• Saudi Arabia opens to tourism for the first time, unveiling 5 UNESCO World Heritage Sites, the Red Sea coast and the Empty Quarter
  • Historic change marks major Vision 2030 milestone, fueling investment and creating a million jobs

    In a historic move, Saudi Arabia is opening its doors to international visitors for the first time. Details of a new visa regime announced on Friday 27 September 2019 at a gala event at Ad-Diriyah, a UNESCO World Heritage Site in Riyadh.

    Saudi attractions

    Visitors seeking unexplored heritage sites, an authentic cultural experience and breathtaking natural beauty will be surprised and delighted to discover Saudi Arabia's many treasures.

    Saudi sites of interest include five UNESCO World Heritage Sites:

  • Madain Saleh in Al-Ula, the largest conserved site of the civilization of the Nabataeans south of Petra in Jordan.
  • At-Turaif District in Ad-Diriyah, the first capital of the Saudi state. 
  • Historic Jeddah, the Gate to Mecca, characterized by a distinctive architectural tradition.
  • Rock Art in the Hail Region, showing 10,000-year old inscriptions of human and animal figures.
  • Al-Ahsa Oasis, with 2.5 million date palms the largest oasis in the world.

    Saudi Arabia is home to 13 regions, each with a distinctive cultural tradition. It is also home to flourishing contemporary culture, with highlights that include:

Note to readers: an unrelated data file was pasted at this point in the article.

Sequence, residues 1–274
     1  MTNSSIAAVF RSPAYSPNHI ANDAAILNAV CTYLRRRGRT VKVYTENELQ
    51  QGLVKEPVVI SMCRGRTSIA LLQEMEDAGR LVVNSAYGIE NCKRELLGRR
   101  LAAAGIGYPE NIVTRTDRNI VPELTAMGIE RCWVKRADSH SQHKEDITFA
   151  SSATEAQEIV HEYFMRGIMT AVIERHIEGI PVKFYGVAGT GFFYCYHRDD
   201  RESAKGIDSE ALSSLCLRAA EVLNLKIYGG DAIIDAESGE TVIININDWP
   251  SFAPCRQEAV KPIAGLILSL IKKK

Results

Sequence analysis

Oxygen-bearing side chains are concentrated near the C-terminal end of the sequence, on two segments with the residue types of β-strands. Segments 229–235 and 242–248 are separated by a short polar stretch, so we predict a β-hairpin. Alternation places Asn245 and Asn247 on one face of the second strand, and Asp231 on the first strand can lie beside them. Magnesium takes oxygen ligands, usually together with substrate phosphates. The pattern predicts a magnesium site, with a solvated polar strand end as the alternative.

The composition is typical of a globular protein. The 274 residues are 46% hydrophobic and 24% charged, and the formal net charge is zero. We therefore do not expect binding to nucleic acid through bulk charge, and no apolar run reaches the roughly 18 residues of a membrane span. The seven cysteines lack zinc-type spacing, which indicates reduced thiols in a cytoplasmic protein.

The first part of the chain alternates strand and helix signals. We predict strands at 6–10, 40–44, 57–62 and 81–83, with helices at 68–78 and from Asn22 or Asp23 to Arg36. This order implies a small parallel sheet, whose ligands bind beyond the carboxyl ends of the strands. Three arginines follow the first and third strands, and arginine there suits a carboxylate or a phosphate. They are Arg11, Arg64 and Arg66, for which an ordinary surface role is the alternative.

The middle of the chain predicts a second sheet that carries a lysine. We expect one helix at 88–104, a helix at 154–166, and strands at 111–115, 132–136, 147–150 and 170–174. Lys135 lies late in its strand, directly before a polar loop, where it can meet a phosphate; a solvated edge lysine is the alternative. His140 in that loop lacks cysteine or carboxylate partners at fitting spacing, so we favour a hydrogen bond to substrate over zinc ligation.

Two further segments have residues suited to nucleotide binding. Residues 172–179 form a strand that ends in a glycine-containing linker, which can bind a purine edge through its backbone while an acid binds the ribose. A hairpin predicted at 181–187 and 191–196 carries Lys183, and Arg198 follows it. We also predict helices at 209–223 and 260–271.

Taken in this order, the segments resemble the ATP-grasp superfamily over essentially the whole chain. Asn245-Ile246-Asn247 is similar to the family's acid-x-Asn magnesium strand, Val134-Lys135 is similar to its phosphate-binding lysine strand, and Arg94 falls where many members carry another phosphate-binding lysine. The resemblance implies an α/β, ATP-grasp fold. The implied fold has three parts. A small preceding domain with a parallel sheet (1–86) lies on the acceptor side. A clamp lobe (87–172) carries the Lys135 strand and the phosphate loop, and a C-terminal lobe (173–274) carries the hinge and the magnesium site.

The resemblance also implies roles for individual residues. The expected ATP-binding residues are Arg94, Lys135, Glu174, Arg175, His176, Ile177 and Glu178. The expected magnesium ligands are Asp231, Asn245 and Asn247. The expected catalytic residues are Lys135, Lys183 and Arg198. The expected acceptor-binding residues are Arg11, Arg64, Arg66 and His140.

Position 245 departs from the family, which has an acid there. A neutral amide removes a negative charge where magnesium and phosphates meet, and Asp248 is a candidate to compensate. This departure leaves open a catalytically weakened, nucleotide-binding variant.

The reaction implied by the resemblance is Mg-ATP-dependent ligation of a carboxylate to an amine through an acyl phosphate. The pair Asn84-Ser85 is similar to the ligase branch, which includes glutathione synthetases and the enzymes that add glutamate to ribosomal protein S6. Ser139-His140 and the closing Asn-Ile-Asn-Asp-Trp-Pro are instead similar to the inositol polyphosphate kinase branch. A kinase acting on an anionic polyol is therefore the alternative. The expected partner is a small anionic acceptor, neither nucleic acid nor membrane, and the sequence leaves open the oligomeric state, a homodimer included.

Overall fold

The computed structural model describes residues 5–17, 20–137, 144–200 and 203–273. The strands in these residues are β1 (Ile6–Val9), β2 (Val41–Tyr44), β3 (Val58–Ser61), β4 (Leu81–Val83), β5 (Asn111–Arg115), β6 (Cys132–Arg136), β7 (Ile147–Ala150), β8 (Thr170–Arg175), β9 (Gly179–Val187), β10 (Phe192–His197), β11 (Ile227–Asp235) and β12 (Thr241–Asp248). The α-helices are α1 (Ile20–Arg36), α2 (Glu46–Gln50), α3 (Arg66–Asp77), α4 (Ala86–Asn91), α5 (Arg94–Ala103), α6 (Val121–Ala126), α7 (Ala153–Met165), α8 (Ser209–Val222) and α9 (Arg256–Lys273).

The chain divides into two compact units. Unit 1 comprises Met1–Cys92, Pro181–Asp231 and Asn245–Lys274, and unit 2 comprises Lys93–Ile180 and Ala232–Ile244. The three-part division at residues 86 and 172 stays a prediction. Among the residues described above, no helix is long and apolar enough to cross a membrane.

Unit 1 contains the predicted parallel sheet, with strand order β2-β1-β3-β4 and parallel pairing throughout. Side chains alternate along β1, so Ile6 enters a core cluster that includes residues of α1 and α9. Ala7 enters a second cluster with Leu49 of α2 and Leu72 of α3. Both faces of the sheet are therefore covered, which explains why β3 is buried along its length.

• The King Abdulaziz Centre for World Culture in Dhahran
  • The modernist sculpture park along the Corniche in Jeddah
  • The Jameel House of Traditional Arts in Jeddah
  • Nassif House in Jeddah's Historical District
  • The annual Flowerman Festival in Asir
  • The Winter at Tantora festival in Al-Ula
  • The Red Sea International Film Festival launching in March 2020
  • Contemporary Saudi cuisine by Ali bin Yousef in Riyadh
  • The art of Zahrah Al-Ghamdi, whose work is displayed at this year's Venice Biennale

    Saudi Arabia boasts a surprisingly diverse range of landscapes, including the green mountains of Asir, the crystal waters of the Red Sea, the snow-covered winter plains of Tabuk and the shifting sands of the Empty Quarter. A number of new tourist destinations are currently under construction, including the futuristic city of NEOM, the Qiddiya entertainment city near Riyadh and a range of luxury destinations by the Red Sea.


Economic impact

Opening Saudi to tourism is a key milestone in the implementation of Vision 2030, which seeks to diversify the country's economy and reduce its dependence on oil. Saudi Arabia expects to increase international and domestic visits to 100 million a year by 2030, attracting significant foreign and domestic investment and creating a million jobs. By 2030, the aim is for tourism to contribute up to 10% towards the Saudi GDP, compared to just 3% today. Billions of dollars are being spent to improve infrastructure and develop heritage, cultural and entertainment sites. Saudi's airport capacity is expected to increase by 150 million passengers per annum and an additional 500,000 hotel key cards will be needed across the country over the coming decade.


His Excellency Ahmad Al-Khateeb, Chairman of the Saudi Commission for Tourism and National Heritage, commented:

"Opening Saudi Arabia to international tourists is a historic moment for our country. Generous hospitality is at the heart of Arabian culture and we look forward to showing our guests a very warm welcome. Visitors will be surprised and delighted by the treasures we have to share. Five UNESCO World Heritage Sites, a vibrant local culture and breathtaking natural beauty. To visitors we say: be among the first to discover and explore the treasures of Arabia. To investors we say: become part of the fastest growing tourism sector on earth."


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